This lens is not compatible with Sigma teleconverters.

Build Quality & Features – Sigma 24mm f/1.4 DG HSM Art Lens Review

If you are familiar with the Sigma 35 Art and/or 50 Art lenses, you likely feel already familiar with this one.

The lens hoods sizes, each appropriate for the focal length’s angle of view, are perhaps the most-visible external difference among these lenses.

I view this design sharing as a very positive attribute of the 24 Art. Sigma’s Global Vision lenses all have an excellent, classy, high-end look and feel and the 24 Art is no different. From the aesthetic mix of matte and gloss black finish to the great-feeling sharply ribbed rubber rings to the smooth overall dimensions, these lenses all have very impressive design qualities.

The 24 Art is a fixed-size lens with plenty of ribbed surface provided for a sure grip. Most-significantly ribbed is the focus ring. The deep, sharp, tightly-spaced ribs on the Sigma Art lens focus rings remind me of the quality feel of Zeiss lens focus rings – though the Sigma ring is rubber-coated vs. the all metal Zeiss rings. Additional ribs are provided on half of the lens barrel and on the lens hood (making removal and installation easier).

Lens construction is once again of a Thermally Stable Composite (TSC) material with traditional metals used in places.

The Sigma 24’s single switch, enabling or disabling autofocus, is located within easy reach of the left thumb. A classy-looking, high-visibility white switch background shows when in AF mode with black showing when in MF mode.

Typically revealed by the bare silver lens mount ring showing when the lens is camera-mounted or has its rear cap installed is a lack of weather sealing. Weather sealed lenses typically (minimally) have a gasket that seals this area of the lens. Like the other two f/1.4 Art lenses, this lens is not weather-sealed. Make provisions to keep the lens dry/protected if inclement weather may be encountered during use.

If I had to choose the perfect size for a lens in use, this is it. The 24 Art is not tiny, but it is big enough that I can grasp securely with my left hand. There are lighter lenses, but I like having some weight to help stabilize the camera. Enough size and weight are provided for use, but this lens is small enough to not consume a large amount of space in the pack and not heavy enough to be a burden to carry for long periods of time.

Wide apertures typically mean larger glass lens elements and larger elements typically mean more weight. An f/1.4 aperture is very wide and there is a weight penalty paid to gain that opening. Lenses with a significant amount of glass in them (typically wide aperture lenses), including this one, tend to feel solid due to their density.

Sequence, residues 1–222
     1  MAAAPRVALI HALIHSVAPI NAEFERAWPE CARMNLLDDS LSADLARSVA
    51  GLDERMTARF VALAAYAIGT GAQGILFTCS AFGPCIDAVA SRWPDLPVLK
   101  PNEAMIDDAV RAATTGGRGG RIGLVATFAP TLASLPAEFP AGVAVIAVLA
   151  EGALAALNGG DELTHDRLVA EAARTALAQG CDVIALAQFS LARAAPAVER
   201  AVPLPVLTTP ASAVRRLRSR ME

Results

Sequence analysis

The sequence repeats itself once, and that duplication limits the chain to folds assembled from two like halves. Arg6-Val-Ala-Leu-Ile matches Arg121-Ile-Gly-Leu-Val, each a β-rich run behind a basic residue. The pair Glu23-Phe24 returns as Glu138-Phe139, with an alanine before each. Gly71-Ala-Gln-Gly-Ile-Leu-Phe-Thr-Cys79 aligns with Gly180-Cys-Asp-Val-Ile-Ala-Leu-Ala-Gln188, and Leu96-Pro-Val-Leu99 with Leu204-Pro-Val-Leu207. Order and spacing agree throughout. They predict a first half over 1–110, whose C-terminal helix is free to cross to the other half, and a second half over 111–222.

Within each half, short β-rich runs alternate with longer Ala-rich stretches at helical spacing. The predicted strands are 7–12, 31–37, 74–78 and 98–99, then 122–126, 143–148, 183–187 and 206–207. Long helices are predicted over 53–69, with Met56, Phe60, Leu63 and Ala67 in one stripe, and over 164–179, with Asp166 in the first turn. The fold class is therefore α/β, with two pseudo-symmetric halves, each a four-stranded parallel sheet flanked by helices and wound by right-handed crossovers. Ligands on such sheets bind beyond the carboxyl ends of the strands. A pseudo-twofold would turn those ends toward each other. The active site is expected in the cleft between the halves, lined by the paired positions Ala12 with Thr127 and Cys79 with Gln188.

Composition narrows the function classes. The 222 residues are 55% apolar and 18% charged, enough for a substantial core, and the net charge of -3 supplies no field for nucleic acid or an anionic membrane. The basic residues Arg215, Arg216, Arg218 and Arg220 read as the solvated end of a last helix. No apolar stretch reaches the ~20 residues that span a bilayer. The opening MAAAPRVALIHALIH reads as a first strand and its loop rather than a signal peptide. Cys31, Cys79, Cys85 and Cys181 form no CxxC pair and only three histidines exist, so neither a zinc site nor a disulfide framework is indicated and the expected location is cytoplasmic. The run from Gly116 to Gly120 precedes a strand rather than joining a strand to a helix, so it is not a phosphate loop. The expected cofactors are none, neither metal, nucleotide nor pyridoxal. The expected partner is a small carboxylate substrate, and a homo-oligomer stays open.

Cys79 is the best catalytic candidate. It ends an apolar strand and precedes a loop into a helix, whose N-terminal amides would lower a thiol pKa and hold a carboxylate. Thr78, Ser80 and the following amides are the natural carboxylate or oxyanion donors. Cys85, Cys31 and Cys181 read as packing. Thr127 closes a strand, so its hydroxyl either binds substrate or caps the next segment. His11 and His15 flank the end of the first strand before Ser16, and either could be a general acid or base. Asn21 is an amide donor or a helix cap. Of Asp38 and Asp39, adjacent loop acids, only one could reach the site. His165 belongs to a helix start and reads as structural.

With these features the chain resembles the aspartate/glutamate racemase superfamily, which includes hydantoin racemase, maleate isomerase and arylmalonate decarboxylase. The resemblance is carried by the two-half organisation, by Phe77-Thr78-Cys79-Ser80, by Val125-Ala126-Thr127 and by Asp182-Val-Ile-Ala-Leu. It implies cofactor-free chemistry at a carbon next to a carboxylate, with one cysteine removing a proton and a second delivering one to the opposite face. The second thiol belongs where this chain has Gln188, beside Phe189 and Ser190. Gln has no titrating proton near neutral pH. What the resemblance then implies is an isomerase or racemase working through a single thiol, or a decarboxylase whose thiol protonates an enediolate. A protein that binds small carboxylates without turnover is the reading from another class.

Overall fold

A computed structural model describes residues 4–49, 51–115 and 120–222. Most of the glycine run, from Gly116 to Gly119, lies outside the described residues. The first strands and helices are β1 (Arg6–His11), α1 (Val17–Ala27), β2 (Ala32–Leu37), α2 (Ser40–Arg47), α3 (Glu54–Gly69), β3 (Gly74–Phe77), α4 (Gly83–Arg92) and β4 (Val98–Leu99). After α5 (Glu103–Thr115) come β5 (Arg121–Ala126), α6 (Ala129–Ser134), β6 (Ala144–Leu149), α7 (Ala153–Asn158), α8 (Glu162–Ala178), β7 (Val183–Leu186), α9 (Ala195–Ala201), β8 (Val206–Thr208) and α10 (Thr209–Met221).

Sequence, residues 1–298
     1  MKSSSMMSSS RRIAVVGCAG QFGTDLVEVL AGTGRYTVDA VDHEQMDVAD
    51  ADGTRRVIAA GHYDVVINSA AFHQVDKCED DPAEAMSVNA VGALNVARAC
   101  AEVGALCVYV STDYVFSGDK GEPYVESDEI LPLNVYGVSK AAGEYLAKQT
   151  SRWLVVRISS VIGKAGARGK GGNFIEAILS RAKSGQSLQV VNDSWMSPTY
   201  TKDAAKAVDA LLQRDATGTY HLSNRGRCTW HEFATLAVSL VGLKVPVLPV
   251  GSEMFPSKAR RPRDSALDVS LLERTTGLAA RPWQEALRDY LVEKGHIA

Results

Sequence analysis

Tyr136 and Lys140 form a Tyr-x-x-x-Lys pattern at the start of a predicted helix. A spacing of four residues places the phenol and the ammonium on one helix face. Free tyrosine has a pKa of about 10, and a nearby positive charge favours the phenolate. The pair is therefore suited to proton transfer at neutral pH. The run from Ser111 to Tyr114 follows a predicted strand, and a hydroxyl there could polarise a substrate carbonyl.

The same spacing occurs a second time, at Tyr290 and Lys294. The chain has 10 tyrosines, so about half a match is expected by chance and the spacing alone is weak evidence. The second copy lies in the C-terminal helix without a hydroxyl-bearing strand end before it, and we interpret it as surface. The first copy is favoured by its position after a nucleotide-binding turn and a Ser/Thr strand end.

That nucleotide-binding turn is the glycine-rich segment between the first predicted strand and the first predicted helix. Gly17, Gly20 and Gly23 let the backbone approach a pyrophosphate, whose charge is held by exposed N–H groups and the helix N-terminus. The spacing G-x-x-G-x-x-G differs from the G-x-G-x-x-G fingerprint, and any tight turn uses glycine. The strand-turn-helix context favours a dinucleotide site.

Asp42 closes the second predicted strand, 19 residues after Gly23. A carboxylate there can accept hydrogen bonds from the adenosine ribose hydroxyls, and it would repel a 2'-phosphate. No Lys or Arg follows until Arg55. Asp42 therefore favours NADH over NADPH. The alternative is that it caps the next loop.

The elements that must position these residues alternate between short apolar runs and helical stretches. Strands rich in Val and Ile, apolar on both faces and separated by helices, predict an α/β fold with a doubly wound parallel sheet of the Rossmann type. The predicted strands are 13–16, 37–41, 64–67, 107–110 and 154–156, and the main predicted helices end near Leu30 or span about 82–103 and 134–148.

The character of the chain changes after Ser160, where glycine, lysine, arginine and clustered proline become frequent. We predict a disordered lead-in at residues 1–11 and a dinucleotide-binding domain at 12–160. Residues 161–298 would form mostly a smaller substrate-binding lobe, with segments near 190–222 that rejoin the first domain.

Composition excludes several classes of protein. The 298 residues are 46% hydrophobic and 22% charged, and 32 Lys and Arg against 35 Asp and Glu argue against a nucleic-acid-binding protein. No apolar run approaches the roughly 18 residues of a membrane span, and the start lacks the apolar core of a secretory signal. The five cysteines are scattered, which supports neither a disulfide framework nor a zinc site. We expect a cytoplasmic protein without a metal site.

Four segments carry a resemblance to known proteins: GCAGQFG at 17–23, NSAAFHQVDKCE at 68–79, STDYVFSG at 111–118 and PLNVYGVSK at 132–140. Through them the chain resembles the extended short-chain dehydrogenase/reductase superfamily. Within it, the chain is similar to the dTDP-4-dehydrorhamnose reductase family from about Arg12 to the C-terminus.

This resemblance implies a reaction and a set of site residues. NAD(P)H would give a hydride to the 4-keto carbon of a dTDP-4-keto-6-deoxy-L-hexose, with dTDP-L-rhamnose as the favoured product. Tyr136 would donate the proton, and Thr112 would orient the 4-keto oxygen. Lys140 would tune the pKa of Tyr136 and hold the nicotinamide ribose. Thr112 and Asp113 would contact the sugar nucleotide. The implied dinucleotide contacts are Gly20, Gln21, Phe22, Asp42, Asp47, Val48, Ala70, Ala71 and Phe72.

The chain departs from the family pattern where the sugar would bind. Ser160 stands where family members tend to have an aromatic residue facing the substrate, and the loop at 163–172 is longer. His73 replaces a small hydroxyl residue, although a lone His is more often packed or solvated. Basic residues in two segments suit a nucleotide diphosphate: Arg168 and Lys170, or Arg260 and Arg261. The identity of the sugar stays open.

The 24mm Art lens accepts the very common 77mm-sized filters. While not small or inexpensive , filters of this size can often be shared across a broad range of lenses, saving up-front cost and saving space in the case.

Sigma Global Vision – Sigma 24mm f/1.4 DG HSM Art Lens Review

Sigma’s Global Vision lenses get a classification of “A”, “C” or “S”, representing a primary Sigma-intended use of “Artistic”, “Contemporary” and “Sports”.

I’ve said it before; I am not a fan of the overly-simplistic categorization structure. As a Global Vision lens, the 24mm f/1.4 Lens gets an “A” stamped in a classy chrome circle on the lens barrel. As with some of the other “A” lenses, I’m sure that the wide “A”perture has some responsibility for the “Art” classification. Image quality also gets an “A”.

Image Samples – Sigma 24mm f/1.4 DG HSM Art Lens Review

All the sample images shared are completely untouched of any sort of editing, even basic processes like cropping and color correction are not performed to allow the reader to ascertain the image results.

Price – Sigma 24mm f/1.4 DG HSM Art Lens Review

The Sigma 24 Art lens wears a medium-sized price tag, but when compared to its primary competition, this lens is a bargain.

The Sigma 24mm f/1.4 DG HSM Art Lens is available in Canon (reviewed), Nikon, Sony and Sigma mounts.

Summary – Sigma 24mm f/1.4 DG HSM Art Lens Review

As I see it, there is always room on the market for another good ultra-wide aperture prime lens. Though I don’t want to discount the AF inconsistency I occasionally encountered, Sigma continues to deliver greatness with their Art lenses and considering the performance the 24mm f/1.4 Art Lens is delivering at its price point, this lens is another winner. For considerably less cost than the Canon and Nikon equivalent, the 24 Art provides better image sharpness in a similar feature package. For those reasons and the versatility afforded by a wide focal length combined with a very wide aperture, Sigma’s 24mm f/1.4 Art lens will surely find significant popularity.